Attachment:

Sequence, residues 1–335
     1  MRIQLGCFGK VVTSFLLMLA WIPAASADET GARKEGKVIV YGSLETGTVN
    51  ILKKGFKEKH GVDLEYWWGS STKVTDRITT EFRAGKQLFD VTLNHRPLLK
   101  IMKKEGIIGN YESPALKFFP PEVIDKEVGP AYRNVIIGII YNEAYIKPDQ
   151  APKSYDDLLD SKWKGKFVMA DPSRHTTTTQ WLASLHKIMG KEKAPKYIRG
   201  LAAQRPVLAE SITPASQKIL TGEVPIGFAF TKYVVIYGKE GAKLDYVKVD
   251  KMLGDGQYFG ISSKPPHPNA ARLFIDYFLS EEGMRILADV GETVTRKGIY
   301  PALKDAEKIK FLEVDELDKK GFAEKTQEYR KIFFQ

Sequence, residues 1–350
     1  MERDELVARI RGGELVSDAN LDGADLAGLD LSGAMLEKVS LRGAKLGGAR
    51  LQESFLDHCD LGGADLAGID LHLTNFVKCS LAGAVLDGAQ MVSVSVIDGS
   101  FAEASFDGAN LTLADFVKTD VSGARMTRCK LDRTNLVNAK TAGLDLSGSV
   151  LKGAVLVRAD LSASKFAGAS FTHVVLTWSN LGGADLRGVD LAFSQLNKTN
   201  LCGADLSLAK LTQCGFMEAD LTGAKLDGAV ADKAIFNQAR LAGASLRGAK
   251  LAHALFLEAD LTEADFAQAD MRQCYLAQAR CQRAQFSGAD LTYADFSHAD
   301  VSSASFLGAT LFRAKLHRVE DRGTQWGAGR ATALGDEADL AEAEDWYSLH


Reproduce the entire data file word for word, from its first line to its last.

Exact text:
Sequence, residues 1–335
     1  MRIQLGCFGK VVTSFLLMLA WIPAASADET GARKEGKVIV YGSLETGTVN
    51  ILKKGFKEKH GVDLEYWWGS STKVTDRITT EFRAGKQLFD VTLNHRPLLK
   101  IMKKEGIIGN YESPALKFFP PEVIDKEVGP AYRNVIIGII YNEAYIKPDQ
   151  APKSYDDLLD SKWKGKFVMA DPSRHTTTTQ WLASLHKIMG KEKAPKYIRG
   201  LAAQRPVLAE SITPASQKIL TGEVPIGFAF TKYVVIYGKE GAKLDYVKVD
   251  KMLGDGQYFG ISSKPPHPNA ARLFIDYFLS EEGMRILADV GETVTRKGIY
   301  PALKDAEKIK FLEVDELDKK GFAEKTQEYR KIFFQ

Sequence, residues 1–350
     1  MERDELVARI RGGELVSDAN LDGADLAGLD LSGAMLEKVS LRGAKLGGAR
    51  LQESFLDHCD LGGADLAGID LHLTNFVKCS LAGAVLDGAQ MVSVSVIDGS
   101  FAEASFDGAN LTLADFVKTD VSGARMTRCK LDRTNLVNAK TAGLDLSGSV
   151  LKGAVLVRAD LSASKFAGAS FTHVVLTWSN LGGADLRGVD LAFSQLNKTN
   201  LCGADLSLAK LTQCGFMEAD LTGAKLDGAV ADKAIFNQAR LAGASLRGAK
   251  LAHALFLEAD LTEADFAQAD MRQCYLAQAR CQRAQFSGAD LTYADFSHAD
   301  VSSASFLGAT LFRAKLHRVE DRGTQWGAGR ATALGDEADL AEAEDWYSLH